In December 1993, the Space Shuttle Endeavour participated in a historic mission known as STS-61, aimed at repairing and restoring the Hubble Space Telescope (HST). This mission would have proven to be critical in the history of space exploration, as it not only revitalized the Hubble Space Telescope, but experienced such a major repair mission in orbit for the first time.
The Hubble’s joy and pain
On April 24, 1990, the STS-31 mission saw the launch of Discovery with the Hubble Space Telescope on board, and it soon became apparent that there were significant issues with its primary mirror.
A flaw in the mirror’s curvature caused images to be distorted and blurry, blocking the telescope’s ability to capture the breathtaking views of the cosmos. The Hubble’s compromised vision disappointed scientists and the public, prompting the need for a risky rescue mission.
Rescue mission on the way
The only way to make the telescope fully operational was to intervene on-site, thus the idea of a rescue mission rather than a repair one was born. The mission required intricate spacewalks, complex repairs, and the installation of new instruments to enhance the telescope’s capabilities.
The astronauts selected for the mission went through extensive training to ensure they could successfully carry out these extremely complex tasks.
The beginning of the adventure
On December 2, 1993, the Space Shuttle Endeavour lifted off from the Kennedy Space Center, carrying a crew of seven astronauts on a mission to rescue the Telescope.
Hubble’s first service mission took on great importance given the severity of the damage to the mirror. The crew skilfully executed a series of repairs and upgrades using more than one hundred tools. The most critical task involved installing the Corrective Optics Space Telescope Axial Replacement (COSTAR), a device designed to compensate for Hubble’s faulty optics. This ingenious solution effectively turned the HST into the powerful observatory it was designed.
Astronauts in action
During all the five spacewalks, the astronauts faced numerous challenges as they worked to revive the Hubble.
They replaced the telescope’s main camera, installed new solar arrays, and conducted intricate repairs on its gyros and data recorders. The onboard computers were upgraded with additional coprocessors, and the Hubble’s orbit was raised. These tasks required exceptional precision and coordination, as the astronauts operated in the microgravity environment of space.
Following the successful completion of STS-61, the Hubble Space Telescope underwent a remarkable transformation. On January 13, 1994, NASA declared that the mission had been a complete success.
The corrective measures implemented during the mission resolved the optical issues, enabling the telescope to capture awe-inspiring images with unprecedented clarity. The restored Hubble symbolized scientific triumph and human ingenuity, captivating the world with its stunning visuals and groundbreaking discoveries.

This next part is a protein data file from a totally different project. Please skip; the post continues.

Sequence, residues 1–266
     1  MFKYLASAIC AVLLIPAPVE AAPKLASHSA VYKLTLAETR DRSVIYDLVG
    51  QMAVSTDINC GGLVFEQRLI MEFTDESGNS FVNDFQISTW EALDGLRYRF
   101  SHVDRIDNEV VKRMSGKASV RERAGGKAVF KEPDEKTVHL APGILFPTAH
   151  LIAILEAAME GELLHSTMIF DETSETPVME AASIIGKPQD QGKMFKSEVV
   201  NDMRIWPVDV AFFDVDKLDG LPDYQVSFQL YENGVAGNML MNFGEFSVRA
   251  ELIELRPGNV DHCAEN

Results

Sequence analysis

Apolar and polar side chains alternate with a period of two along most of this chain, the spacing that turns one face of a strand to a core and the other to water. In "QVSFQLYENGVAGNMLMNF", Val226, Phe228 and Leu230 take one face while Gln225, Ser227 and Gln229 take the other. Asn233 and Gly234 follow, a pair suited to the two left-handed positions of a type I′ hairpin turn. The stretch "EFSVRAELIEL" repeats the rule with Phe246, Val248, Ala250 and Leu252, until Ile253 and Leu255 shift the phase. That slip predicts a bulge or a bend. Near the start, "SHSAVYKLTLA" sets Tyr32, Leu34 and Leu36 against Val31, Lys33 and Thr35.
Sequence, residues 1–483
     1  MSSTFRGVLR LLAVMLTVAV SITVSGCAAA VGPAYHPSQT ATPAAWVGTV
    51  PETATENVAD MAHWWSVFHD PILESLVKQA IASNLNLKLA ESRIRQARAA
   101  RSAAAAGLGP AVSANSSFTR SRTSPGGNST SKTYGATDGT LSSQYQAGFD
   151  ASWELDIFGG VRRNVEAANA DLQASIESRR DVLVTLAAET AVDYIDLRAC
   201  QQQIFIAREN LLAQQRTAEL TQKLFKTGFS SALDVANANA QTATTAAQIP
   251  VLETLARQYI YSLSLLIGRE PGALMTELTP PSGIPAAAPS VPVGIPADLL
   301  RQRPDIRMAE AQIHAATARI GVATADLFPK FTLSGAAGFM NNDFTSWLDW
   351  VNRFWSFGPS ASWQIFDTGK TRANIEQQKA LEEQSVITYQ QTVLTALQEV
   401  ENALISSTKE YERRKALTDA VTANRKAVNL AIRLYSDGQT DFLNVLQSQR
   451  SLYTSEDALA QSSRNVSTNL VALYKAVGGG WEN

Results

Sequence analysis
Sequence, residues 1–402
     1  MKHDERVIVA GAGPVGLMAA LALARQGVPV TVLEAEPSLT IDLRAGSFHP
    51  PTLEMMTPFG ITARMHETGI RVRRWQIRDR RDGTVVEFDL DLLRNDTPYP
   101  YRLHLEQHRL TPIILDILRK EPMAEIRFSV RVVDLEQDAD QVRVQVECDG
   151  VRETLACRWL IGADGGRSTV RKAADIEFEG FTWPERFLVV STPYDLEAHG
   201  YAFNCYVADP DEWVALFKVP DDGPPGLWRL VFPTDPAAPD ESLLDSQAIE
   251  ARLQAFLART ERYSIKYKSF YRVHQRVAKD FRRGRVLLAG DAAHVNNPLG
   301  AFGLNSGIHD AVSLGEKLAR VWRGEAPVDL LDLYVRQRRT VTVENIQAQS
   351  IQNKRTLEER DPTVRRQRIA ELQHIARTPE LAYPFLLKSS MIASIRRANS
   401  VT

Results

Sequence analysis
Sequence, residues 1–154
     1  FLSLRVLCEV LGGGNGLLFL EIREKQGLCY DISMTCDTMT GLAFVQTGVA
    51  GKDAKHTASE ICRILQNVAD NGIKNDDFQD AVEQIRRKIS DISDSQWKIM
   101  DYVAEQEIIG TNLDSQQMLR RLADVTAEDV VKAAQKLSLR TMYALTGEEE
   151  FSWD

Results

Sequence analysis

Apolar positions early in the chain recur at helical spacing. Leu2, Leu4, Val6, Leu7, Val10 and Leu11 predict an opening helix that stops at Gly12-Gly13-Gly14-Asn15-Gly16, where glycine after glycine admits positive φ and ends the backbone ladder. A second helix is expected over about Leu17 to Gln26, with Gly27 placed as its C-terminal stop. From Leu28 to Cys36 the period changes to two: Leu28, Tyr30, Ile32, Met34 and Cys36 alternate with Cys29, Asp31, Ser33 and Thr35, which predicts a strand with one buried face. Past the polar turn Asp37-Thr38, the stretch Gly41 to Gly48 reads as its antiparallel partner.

A full maintenance program
Hubble was designed to experience regular upgrades over time.
STS-61 showcased the ingenuity and creativity of NASA and its astronauts. The mission’s success demonstrated the importance of human spaceflight in servicing and maintaining crucial scientific instruments in space. Since then, subsequent Space Shuttles and robotic servicing missions have extended Hubble’s lifespan and capabilities until the last repairing mission held by Atlantis in May 2009 during the STS-125 mission, which also installed 2 new observation instruments.
NASA flew 5 service missions over the years, numbered SM 1, 2, 3A, 3B, and 4. All of these used the Space Shuttles, the first in December 1993 and the last, as previously said, in May 2009. All the missions began with intercept maneuvers of the telescope in orbit and then grappled it with the help of the Shuttle’s robotic arm.
After the repairing phase, the telescope was released into a slightly higher orbit to compensate for orbital decay caused by atmospheric friction.
A testimony for the future
The IMAX project is a collaboration between NASA and the Smithsonian Institution’s National Air and Space Museum to document significant space activities using the IMAX film medium.
An IMAX camera system was flown on Shuttle Mission STS-61 and was used by Endeavour’s crew to collect material for upcoming IMAX productions. IMAX Cargo Bay Camera (ICBC) was carried in the payload bay of Endeavour: the camera was mounted in a pressure-sealed container with a viewing window.
The window had a sliding door that opened when the camera was operating. The camera was controlled from the aft-flight deck, exposing the film through a 30mm fisheye lens.